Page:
Tip – Use your Unsubscribe option well
We glibly unsubscribe from email lists that we find ourselves on, without malice and only with the intention of bringing our inbox under control. And yet when someone unsubscribes from our list, we spend anxious energy trying to work out where we went wrong, if we offended them, or what they have herd to make them not want to have anything to do with us anymore.
The truth is, your solution is not for everybody. Not everyone needs what you have; not everyone can afford you; there are some clients that your competition deserves. And the sooner we accept that, the better we can focus on our real clients that want to engage with us.
When we think this way, then the numbers on our database become less about the size of the number and more about the relationship that is developing and the value that we can bring to our follows and clients.
So when someone unsubscribes, realize that you are keeping your list clean, which is great, and spending more time focusing on the real clients.
But sometimes a person wants to protect themselves from too many emails but still wants to be in contact with you. They want to ‘bookmark’ you to come back to your offering at a later stage, but they know that the can do nothing with your information at this stage.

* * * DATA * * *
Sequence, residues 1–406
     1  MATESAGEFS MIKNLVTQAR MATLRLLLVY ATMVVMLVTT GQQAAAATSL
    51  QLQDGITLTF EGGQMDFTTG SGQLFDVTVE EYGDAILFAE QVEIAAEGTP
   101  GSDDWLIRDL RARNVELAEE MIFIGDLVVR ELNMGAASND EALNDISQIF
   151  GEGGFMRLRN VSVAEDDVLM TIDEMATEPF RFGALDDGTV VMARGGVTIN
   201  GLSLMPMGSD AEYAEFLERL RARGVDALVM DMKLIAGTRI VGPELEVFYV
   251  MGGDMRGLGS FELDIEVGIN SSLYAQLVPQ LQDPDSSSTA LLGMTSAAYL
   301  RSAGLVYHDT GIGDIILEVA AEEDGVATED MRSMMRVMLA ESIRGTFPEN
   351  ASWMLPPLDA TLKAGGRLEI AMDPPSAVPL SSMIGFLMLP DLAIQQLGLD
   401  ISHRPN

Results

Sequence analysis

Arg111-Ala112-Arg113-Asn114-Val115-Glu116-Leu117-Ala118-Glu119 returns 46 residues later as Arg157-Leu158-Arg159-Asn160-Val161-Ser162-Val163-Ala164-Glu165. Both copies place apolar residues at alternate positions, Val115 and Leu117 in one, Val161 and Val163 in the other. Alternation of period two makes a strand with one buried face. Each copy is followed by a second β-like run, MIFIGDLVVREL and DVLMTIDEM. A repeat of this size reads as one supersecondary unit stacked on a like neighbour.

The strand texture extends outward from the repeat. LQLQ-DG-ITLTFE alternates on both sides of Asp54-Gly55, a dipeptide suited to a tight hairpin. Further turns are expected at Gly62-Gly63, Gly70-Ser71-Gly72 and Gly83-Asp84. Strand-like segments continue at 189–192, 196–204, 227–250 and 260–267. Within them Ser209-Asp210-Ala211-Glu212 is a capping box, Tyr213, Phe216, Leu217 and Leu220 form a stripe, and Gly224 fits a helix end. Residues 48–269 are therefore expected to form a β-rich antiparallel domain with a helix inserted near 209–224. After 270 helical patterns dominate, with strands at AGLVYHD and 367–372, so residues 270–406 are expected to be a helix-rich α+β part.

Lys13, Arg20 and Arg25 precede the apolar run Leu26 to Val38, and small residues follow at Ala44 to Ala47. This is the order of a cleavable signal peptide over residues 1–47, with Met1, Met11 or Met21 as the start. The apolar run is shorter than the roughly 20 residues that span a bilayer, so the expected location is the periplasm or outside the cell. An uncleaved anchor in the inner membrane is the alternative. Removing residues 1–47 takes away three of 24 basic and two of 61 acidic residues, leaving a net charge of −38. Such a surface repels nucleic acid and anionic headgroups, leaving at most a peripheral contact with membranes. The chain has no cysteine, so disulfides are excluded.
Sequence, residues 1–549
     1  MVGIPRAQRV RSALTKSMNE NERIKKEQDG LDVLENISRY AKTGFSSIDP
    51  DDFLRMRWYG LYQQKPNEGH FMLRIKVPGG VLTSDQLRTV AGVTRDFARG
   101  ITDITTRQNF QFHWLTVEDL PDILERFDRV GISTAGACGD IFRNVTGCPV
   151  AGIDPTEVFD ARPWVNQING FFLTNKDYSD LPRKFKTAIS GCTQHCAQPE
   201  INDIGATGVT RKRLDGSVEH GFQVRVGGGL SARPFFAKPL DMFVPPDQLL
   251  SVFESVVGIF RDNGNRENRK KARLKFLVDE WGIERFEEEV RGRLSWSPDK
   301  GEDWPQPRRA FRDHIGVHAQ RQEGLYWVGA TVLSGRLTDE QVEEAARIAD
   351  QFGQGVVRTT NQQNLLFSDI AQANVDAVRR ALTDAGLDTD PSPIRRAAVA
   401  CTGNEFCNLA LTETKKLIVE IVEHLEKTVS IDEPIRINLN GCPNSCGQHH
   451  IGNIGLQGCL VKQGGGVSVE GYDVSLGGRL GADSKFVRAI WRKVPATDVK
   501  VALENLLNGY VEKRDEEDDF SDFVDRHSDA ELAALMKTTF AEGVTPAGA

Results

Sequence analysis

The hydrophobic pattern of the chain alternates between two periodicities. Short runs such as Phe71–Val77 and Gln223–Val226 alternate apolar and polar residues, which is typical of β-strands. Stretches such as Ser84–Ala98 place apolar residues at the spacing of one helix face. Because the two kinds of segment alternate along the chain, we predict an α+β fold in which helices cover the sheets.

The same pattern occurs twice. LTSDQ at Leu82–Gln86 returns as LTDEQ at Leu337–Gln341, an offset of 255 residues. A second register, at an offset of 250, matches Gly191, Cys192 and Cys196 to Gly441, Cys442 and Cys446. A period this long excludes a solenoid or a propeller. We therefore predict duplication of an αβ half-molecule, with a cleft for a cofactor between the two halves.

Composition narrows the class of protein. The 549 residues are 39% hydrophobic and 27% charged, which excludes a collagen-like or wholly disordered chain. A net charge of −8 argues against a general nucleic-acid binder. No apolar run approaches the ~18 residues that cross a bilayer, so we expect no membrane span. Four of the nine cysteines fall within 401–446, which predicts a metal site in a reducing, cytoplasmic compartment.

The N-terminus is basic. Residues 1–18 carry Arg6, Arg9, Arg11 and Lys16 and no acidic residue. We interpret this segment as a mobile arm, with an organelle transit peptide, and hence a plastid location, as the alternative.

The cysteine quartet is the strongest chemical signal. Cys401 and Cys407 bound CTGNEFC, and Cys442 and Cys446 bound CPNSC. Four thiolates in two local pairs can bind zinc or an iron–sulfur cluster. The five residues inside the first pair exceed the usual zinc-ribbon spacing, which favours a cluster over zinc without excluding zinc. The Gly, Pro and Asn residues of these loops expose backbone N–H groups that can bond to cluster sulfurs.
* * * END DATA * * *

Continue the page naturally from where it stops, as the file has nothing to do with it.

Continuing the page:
So don’t just give a sulky “You have been removed from our database” message on the unsubscribe page. Provide options.
Your landing page for unsubscribes should show a list of other places where the user could follow you instead. Being a Twitter follower is less bothersome than being an email subscriber.
If you have done your job with cross pollinating your lists, then you should have most of your subscribers following you on both email as well as some other platform. IN that case, it matters less when they leave the email list.
Sophisticated email programs will allow you to update preferences as well. For example, a user can go from a once a week email to once a month digest.
And the addition of humour will leave your subscriber feeling positive about you instead of disappointed.
This example from Hubspot is my favourite. Of course I have never seen it for real, as I have never unsubscribed from them. But the funny approach to the users decision entertains us and leave an impression of a professional and non-serious company, totally congruent with their brand.